May 8, 1945
On May 8, 1945, the Allied forces of the United States, the United Kingdom, France and the Soviet Union officially accepted the unconditional surrender of Nazi Germany. “Victory in Europe Day,” commonly known as “VE Day,” was celebrated across Europe, America and other parts of the world.
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World War II in Europe Ended With the Unconditional Surrender of Germany.
Germany, under the leadership of Adolf Hitler and his National Socialist, or Nazi, Party, launched World War II in September 1939 with a surprise invasion of Poland. By the summer of 1940, the Nazis had conquered much of Europe, including long-time enemy France, and then they pummeled Britain with air attacks for nearly a year. In June 1941 Hitler started to invade the USSR. In 1943, after surviving two years of Nazi invasions, the Soviets launched a counter-attack that slowly drove the Nazis back to Germany. Meanwhile, the Western Allies entered mainland Italy in September 1943 and on June 6th 1944, Allied forces landed on Normandy Beach in northern France and began a push toward Germany.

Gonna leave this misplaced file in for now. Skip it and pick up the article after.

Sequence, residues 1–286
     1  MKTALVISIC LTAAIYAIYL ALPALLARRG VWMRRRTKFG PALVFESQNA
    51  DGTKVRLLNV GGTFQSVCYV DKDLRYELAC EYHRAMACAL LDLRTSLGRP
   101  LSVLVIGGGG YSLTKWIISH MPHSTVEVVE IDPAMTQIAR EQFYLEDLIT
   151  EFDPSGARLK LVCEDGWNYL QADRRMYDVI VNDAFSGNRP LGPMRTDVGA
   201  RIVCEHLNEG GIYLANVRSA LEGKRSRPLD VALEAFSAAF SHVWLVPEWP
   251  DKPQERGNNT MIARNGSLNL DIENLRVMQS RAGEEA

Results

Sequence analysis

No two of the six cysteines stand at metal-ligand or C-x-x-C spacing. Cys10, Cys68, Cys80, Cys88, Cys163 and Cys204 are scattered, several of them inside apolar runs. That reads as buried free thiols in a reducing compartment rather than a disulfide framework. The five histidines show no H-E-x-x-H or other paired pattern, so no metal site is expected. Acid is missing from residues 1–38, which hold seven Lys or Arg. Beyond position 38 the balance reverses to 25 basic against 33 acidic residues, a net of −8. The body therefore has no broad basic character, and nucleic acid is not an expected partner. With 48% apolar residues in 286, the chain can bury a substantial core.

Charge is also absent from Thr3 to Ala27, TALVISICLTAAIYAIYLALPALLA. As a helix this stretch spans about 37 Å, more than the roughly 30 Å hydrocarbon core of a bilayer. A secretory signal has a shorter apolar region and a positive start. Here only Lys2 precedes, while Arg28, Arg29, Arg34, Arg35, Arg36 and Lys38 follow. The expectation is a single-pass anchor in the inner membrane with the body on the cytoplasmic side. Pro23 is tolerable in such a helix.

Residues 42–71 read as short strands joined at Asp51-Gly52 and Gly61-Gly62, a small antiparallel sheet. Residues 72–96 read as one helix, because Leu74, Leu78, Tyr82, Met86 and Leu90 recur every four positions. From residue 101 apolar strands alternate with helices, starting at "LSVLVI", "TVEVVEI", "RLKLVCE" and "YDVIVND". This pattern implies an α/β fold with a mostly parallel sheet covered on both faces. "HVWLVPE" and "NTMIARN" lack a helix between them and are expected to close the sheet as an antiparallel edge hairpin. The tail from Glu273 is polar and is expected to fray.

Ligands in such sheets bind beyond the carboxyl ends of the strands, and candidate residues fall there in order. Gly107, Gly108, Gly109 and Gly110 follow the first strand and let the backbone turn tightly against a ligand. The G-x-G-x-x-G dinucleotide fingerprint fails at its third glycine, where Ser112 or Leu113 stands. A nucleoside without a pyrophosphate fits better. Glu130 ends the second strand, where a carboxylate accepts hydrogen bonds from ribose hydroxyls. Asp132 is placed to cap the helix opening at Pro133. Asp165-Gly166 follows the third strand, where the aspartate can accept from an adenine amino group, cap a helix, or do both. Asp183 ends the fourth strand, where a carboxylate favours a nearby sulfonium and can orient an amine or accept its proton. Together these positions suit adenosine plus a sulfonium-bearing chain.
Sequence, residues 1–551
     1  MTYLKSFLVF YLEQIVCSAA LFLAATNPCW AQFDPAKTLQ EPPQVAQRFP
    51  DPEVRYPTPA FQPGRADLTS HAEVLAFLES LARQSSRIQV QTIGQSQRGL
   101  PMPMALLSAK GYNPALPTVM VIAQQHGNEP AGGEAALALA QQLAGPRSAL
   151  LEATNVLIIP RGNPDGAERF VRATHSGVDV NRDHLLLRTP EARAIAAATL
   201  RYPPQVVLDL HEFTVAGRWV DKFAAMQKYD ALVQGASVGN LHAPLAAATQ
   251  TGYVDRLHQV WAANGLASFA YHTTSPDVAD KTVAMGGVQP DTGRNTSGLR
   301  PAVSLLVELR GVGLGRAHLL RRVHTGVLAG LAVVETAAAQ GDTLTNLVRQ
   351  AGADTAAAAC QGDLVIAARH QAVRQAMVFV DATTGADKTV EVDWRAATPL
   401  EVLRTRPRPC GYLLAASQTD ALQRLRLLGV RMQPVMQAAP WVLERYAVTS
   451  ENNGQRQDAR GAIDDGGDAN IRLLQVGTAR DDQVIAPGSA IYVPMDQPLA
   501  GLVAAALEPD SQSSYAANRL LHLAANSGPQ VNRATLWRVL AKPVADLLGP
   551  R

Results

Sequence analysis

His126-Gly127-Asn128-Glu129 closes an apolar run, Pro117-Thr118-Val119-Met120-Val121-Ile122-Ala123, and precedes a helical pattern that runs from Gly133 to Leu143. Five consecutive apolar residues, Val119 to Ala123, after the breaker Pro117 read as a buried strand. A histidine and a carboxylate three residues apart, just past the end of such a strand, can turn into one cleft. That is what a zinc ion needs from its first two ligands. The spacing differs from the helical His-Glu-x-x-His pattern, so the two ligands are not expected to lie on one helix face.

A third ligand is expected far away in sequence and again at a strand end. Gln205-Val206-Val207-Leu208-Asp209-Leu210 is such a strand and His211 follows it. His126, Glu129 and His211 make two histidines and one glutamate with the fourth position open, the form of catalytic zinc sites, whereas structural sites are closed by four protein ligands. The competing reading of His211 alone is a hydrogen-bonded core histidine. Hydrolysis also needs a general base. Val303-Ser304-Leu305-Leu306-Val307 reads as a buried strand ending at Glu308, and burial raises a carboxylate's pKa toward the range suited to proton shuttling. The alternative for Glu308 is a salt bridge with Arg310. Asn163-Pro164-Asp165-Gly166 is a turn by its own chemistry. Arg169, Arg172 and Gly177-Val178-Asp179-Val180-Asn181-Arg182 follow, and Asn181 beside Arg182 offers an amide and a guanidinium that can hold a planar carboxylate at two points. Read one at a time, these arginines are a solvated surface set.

By the spring of 1945, the Soviets were approaching the German capital of Berlin from the east and the Western Allies were approaching it from the west. Knowing that defeat was imminent, Hitler committed suicide, leaving Karl Dönitz to carry out the unconditional surrender of the Nazis at Allied headquarters in Reims, France, on 7th May, to take effect the following day, ending the European conflict of World War II.
This was a different surrender from most previous wars where a country agrees to surrender to its enemies. On May 8, 1945, there was no German state recognized by its enemies. In three different places, the commanders of the German armed forces surrendered unconditionally. Civil and military authority in what had been the German state was assumed by the allies. Germany was divided among them.
“Victory in Europe Day ” (VE Day) has a different meaning in each of the countries involved in the war. For Americans, it recalls a moment of triumph, a time to remember the accomplishments and sacrifices that made victory possible. The Second World War has a moral clarity for Americans that is not shared by the other participants, in large part because the U.S. was the only one to emerge from the war with greater wealth and power.
On December 8, 1941, the United States Congress had declared war on the Empire of Japan in response to that country's surprise attack on Pearl Harbor the prior day. The ensuing war in the Pacific continued after VE Day.